September 14, 2012

THE SECRET SAUCE FOR LAW REVIEW PLACEMENT: The Secret Sauce for Law Review Placement: Letterhead, Citations, and Liberal.

Lots of people are bashing law reviews over this latest incident, but let me offer a few thoughts of my own. First, though Tennessee letterhead is no more than respectable, and though I’m not especially liberal, my stuff has generally placed pretty well: Columbia, Virginia, Penn, USC, Northwestern, etc. Would I have done better if I were at Yale and liberal? Probably, but by no means certainly, as a look at some Yale profs’ publication lists will show. You can’t know much about why you’re rejected, except when stuff like this leaks out, but I can’t say that my stuff does better when it seems leftier.

Second, the good thing about law reviews is that there are a lot of them, and they’re diverse. Just because you got rejected at the Harvard Law School Human Rights Law Journal doesn’t mean you won’t get published somewhere else, and quite possibly better. (I had never even heard of this journal, and I’ve always had a weak spot for obscure law reviews.) There are no gatekeepers in law review publishing like there are in other disciplines where there are only a few top peer-reviewed journals, often peer-reviewed by a small clique that overlaps.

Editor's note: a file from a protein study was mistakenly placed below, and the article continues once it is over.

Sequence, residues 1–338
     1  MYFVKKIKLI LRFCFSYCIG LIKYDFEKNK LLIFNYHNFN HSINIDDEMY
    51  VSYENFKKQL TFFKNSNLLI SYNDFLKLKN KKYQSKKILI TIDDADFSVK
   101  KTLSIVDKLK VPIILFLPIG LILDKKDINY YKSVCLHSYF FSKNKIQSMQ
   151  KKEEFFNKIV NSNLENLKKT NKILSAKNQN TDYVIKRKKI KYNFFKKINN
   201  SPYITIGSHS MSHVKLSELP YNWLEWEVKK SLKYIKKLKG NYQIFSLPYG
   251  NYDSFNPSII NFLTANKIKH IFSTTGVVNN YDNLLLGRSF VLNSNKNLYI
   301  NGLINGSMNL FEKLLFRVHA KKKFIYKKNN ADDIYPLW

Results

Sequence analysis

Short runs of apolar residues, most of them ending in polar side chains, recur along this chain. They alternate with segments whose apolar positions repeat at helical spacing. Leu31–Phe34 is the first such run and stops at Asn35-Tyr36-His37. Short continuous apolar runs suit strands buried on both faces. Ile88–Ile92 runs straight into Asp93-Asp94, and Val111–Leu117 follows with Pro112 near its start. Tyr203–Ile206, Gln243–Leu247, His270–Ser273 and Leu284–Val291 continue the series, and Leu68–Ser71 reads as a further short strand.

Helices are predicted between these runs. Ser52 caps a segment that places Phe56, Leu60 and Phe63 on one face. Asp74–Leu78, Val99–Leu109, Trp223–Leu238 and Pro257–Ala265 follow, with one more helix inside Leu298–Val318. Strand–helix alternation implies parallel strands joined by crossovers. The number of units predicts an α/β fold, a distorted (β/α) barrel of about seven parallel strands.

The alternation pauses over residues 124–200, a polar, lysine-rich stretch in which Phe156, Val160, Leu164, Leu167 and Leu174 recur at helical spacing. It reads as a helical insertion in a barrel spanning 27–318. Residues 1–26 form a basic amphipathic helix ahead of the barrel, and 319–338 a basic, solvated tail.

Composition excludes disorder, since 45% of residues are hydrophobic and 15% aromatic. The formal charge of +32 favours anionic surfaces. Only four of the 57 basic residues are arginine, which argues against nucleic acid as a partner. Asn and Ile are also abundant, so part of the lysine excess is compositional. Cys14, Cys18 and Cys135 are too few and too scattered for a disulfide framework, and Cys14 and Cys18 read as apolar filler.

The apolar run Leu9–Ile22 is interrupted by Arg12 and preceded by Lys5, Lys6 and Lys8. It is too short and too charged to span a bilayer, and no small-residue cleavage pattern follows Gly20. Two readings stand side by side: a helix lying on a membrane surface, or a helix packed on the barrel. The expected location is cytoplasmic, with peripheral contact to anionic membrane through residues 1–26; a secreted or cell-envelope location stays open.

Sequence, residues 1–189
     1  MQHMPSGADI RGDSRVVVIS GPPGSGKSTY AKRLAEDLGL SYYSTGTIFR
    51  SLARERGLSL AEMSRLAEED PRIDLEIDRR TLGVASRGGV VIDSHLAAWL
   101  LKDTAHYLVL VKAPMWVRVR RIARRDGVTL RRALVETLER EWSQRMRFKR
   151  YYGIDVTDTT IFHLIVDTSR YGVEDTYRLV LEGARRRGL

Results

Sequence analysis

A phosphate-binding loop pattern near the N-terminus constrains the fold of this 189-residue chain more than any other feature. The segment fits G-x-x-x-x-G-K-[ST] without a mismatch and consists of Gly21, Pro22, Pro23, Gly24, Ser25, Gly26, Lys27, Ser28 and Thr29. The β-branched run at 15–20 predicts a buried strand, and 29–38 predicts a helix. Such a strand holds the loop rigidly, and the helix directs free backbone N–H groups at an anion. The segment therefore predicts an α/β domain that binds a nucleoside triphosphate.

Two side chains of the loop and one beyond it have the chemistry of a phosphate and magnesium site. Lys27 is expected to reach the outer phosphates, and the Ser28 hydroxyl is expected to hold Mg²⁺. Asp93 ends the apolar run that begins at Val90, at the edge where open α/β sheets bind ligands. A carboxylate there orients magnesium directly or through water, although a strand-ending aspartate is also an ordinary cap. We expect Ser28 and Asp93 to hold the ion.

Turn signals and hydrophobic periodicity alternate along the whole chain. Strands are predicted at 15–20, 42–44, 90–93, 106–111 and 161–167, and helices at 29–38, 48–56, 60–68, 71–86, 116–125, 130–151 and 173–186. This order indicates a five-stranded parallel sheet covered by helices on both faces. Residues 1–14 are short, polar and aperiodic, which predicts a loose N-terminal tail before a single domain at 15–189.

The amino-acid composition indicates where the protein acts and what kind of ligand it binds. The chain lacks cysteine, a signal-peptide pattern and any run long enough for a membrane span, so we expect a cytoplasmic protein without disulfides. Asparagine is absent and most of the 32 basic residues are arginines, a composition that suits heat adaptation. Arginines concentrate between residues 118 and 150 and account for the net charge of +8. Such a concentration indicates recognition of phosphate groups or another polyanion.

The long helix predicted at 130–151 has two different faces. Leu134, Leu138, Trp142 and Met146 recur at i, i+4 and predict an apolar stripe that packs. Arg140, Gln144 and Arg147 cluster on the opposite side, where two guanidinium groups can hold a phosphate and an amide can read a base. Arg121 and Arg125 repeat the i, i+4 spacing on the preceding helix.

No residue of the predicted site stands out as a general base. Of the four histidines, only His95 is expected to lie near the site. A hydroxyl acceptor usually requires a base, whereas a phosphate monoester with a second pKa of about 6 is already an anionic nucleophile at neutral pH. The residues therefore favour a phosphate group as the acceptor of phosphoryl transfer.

Third, it matters less than ever now that more people probably read law review articles on SSRN than in law reviews anyway. It’s gotten to where I feel that an article is really published when it’s posted on SSRN, with the law review acceptance being mostly for archival purposes. I still advise junior faculty to pursue “better” placements because that still matters to many older law professors, but I think it will matter less and less. And many schools look at SSRN download rank as much as they look at placement now, which is probably better for people who are less traditionally academic-liberal-theoretical in orientation.

I’m not saying that there’s nothing to see here — it’s certainly wrong that a law review might reject an author just because of his/her political history — but the impact of this sort of political misfeasance is much less than it used to be.

My thoughts, anyway.

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